Crystalline Structure and Surface Reactivity

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Science  03 Aug 1962:
Vol. 137, Issue 3527, pp. 311-322
DOI: 10.1126/science.137.3527.311


The role of crystalline structure in the surface reactivity of predominantly covalent materials has been examined in terms of chemical bonding concepts. In this context a solid surface can be viewed as a giant lattice defect characterized by dangling bonds. Although it is difficult, at the present stage of development of the quantum mechanical approach to surfaces, to define precisely the perturbations resulting from the abrupt termination of the lattice at the surface, a host of experimental observations can be understood by assuming displacements of surface atoms and distortions of bonding configurations in accordance with simple chemical bonding principles.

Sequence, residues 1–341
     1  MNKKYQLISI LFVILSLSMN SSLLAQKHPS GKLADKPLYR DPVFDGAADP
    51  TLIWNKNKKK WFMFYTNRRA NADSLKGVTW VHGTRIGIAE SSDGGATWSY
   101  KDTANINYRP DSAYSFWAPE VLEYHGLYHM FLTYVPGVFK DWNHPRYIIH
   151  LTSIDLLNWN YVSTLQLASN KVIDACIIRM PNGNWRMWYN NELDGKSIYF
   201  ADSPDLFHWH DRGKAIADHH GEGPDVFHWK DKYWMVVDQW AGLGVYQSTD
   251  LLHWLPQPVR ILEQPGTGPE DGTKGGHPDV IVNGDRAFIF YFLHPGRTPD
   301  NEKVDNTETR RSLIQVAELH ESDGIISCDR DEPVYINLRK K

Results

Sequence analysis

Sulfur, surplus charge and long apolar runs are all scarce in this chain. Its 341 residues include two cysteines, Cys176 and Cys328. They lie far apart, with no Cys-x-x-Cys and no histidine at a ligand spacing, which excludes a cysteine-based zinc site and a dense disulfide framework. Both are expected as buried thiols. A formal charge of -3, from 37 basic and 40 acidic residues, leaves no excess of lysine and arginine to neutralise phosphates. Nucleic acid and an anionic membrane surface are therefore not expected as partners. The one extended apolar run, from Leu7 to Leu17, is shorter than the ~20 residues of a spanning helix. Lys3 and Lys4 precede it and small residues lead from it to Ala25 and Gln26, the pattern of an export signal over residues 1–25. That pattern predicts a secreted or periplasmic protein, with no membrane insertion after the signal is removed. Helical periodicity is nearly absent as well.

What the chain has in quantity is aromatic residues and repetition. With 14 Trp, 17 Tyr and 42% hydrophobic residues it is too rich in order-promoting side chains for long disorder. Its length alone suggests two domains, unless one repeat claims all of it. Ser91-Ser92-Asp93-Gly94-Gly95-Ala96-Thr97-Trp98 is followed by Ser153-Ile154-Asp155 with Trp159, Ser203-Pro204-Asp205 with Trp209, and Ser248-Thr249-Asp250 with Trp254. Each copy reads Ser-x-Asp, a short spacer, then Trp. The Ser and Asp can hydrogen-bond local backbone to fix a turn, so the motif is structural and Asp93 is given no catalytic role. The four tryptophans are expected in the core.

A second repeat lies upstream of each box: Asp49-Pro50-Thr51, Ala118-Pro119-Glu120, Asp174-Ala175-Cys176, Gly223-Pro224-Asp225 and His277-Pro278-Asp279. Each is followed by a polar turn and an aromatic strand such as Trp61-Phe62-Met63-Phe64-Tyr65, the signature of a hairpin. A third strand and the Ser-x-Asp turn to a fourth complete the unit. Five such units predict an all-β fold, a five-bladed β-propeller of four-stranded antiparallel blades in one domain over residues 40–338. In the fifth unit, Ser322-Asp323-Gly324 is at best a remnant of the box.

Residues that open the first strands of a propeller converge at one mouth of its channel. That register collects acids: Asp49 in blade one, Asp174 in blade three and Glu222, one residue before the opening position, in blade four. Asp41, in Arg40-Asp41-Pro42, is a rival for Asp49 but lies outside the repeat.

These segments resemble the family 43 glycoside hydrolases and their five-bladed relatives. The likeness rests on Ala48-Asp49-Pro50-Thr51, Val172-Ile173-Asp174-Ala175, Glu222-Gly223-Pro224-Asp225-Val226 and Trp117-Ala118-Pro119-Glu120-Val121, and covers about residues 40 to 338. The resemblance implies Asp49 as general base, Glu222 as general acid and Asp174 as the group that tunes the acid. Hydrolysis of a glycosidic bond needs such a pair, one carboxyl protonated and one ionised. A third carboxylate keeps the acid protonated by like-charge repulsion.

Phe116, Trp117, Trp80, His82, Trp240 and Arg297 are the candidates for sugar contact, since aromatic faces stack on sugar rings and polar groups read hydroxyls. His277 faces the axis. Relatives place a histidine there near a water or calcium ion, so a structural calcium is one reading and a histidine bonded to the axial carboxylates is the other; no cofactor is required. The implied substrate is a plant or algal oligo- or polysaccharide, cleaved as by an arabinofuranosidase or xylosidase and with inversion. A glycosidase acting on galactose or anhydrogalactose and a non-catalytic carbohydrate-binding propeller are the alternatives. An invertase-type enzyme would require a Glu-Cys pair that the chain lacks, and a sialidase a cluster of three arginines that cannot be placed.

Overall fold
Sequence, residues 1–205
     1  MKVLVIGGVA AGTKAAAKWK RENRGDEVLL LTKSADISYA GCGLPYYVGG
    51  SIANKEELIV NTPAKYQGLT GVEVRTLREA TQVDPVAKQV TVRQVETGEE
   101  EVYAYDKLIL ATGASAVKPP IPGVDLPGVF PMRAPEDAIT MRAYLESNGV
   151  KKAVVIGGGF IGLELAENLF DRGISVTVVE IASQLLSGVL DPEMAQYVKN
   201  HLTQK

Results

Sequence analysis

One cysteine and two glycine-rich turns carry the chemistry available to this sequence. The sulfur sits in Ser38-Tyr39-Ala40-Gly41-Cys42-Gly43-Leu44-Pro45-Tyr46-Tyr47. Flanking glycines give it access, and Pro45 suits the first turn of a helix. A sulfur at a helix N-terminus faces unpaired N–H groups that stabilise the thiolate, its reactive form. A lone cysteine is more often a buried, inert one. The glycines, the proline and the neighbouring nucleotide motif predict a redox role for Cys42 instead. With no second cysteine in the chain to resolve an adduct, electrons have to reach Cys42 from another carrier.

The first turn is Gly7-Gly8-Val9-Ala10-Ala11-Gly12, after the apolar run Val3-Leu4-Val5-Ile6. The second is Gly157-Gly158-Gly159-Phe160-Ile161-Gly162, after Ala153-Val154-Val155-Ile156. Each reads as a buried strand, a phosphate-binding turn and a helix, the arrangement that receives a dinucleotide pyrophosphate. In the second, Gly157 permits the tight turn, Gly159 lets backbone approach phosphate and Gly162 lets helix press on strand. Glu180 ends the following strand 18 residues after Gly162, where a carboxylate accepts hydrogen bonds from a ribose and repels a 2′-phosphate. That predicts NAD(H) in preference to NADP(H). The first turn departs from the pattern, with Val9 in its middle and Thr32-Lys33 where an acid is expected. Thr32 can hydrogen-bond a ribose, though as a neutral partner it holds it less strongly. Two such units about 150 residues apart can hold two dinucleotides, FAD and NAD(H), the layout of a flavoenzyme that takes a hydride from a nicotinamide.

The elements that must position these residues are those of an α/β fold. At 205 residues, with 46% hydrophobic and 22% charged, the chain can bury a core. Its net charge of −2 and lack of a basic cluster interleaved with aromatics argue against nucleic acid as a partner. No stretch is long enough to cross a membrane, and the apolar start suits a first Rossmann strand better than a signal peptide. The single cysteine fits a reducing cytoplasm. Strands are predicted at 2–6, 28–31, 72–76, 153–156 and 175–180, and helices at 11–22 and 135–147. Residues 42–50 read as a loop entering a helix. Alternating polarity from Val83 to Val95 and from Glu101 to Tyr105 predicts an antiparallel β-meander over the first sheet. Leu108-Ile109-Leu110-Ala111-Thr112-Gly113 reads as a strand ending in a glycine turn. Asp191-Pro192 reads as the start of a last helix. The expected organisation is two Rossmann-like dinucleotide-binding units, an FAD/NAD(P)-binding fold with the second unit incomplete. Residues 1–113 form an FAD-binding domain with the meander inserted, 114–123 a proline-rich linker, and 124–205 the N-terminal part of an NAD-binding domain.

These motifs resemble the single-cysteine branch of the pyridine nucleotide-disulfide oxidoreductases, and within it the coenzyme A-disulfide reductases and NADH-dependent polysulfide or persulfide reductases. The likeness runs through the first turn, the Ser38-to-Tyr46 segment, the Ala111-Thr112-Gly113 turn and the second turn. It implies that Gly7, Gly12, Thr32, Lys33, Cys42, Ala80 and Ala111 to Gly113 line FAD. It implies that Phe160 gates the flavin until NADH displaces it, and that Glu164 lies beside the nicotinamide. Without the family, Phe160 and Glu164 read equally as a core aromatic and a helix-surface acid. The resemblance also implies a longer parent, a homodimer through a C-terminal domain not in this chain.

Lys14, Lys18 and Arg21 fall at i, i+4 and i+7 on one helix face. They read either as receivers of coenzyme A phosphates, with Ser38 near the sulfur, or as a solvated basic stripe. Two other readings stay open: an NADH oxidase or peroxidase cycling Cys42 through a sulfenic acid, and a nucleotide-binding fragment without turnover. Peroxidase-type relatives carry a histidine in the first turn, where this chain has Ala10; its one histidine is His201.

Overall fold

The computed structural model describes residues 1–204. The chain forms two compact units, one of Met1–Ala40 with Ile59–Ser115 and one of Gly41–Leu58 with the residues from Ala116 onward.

A purely atomistic approach has been shown to account not only for the chemical behavior but also for certain structural and electrical characteristics of the surfaces considered. A number of phenomena, such as crystal growth and the behavior of certain lattice defects (for example, dislocations), are intimately related to the presence of dangling bonds and the associated distortions of the lattice at the surface (32).